I swear to you I'm not a snob or a purist or at all fashion conscious. But I thought men's doubles teams Hijikata/Kubler and Nys/Zielinski looked flat out slovenly on the court in the final.
Do I need a reality check or do they?
P.S. Thank you networks, for your coverage of all the doubles.
Alistair W., Toronto
Um…..Mirka and Roger were at a fashion show last week. These guys were on court trying to win a damn title in a sweaty, competitive sport. Which they did! (I’d add: these guys are wild cards, struggling to make a go of it. Not like Nike’s fashion consigliere is given them a pre-match makeover.)
I’m sure you’re sick of us criticizing ESPN’s coverage. But they’re actually listing the outcome of the women’s final on “the crawl” while they’re showing the replay of the women’s final! (I’m sure very few watched it live at 4a.) Does ESPN even understand how sports work? That they’re no fun if you know the outcome?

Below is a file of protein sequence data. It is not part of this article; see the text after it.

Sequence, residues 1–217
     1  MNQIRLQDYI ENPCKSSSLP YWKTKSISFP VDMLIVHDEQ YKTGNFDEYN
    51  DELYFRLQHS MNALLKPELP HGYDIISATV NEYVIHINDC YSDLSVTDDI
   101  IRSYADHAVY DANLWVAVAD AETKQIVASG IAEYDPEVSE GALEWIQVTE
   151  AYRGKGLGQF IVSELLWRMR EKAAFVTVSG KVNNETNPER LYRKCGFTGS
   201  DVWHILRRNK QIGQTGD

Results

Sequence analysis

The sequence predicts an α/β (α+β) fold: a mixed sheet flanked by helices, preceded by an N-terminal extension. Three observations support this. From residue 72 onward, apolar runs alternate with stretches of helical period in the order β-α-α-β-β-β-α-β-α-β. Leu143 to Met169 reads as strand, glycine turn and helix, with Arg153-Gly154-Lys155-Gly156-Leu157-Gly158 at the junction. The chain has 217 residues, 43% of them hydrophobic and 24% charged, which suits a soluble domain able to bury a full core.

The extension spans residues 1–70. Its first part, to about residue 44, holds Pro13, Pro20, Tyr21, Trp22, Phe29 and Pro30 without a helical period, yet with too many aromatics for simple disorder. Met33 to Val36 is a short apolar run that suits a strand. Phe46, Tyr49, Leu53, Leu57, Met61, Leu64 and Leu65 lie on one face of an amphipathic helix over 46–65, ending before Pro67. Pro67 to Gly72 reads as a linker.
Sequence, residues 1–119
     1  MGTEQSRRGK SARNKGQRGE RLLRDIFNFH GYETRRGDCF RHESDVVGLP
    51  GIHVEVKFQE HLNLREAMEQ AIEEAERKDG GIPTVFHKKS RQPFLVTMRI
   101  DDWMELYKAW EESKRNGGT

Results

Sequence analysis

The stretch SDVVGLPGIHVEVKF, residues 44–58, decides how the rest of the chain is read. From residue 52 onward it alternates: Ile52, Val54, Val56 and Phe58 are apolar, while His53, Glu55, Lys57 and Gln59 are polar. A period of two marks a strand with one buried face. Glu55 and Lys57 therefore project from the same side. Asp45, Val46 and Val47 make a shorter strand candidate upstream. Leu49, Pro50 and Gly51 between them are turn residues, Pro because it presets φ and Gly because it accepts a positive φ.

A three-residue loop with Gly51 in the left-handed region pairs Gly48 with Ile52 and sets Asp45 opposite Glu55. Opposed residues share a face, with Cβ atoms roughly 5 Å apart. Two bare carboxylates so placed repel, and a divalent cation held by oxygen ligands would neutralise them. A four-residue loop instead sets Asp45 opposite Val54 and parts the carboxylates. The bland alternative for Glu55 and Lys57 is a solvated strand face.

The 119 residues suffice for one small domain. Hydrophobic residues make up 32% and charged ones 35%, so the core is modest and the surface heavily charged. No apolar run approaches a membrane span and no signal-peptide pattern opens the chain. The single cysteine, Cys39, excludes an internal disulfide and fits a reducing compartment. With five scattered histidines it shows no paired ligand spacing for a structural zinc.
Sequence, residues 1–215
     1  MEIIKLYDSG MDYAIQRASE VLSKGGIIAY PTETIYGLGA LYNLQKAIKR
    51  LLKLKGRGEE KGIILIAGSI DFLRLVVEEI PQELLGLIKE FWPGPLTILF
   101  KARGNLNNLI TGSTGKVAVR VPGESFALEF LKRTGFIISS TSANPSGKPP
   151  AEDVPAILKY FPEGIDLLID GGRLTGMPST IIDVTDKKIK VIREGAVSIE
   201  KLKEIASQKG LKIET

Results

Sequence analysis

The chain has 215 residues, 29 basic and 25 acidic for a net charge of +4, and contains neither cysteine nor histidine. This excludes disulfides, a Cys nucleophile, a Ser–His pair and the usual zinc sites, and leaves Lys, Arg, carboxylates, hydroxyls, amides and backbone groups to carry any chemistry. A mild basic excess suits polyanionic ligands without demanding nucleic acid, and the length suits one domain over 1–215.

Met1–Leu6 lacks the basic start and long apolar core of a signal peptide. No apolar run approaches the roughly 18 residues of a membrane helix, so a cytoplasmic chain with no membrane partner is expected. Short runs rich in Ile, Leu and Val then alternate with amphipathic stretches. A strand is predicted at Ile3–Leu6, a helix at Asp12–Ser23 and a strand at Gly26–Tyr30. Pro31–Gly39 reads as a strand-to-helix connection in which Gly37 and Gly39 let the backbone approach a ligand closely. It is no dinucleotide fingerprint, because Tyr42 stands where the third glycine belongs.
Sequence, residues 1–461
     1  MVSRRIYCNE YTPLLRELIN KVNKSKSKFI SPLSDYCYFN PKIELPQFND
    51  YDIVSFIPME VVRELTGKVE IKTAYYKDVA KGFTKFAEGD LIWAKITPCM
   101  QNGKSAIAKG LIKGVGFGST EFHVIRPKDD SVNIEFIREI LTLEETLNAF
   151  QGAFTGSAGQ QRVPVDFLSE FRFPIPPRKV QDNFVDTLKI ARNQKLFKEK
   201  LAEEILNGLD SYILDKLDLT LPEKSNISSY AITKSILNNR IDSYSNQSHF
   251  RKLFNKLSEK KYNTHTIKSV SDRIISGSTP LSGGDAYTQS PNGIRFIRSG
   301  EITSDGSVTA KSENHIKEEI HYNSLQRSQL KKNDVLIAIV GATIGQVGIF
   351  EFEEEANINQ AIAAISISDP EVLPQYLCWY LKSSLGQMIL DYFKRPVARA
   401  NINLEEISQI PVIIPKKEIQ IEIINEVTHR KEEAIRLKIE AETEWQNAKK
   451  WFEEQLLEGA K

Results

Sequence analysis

Now you guys are just piling on….
• Fan favorite and world No. 17 Frances Tiafoe will be playing for a fifth time at River Oaks Country Club in the Fayez Sarofim & Co. U.S. Men’s Clay Court Championship, the tournament announced today. The ATP Tour event runs April 1-9. “We are thrilled to welcome Frances back to River Oaks. Our fans love watching him and he loves playing here,” said Tournament Director Bronwyn Greer. “His energy is contagious and he is one of the stars on the ATP Tour.”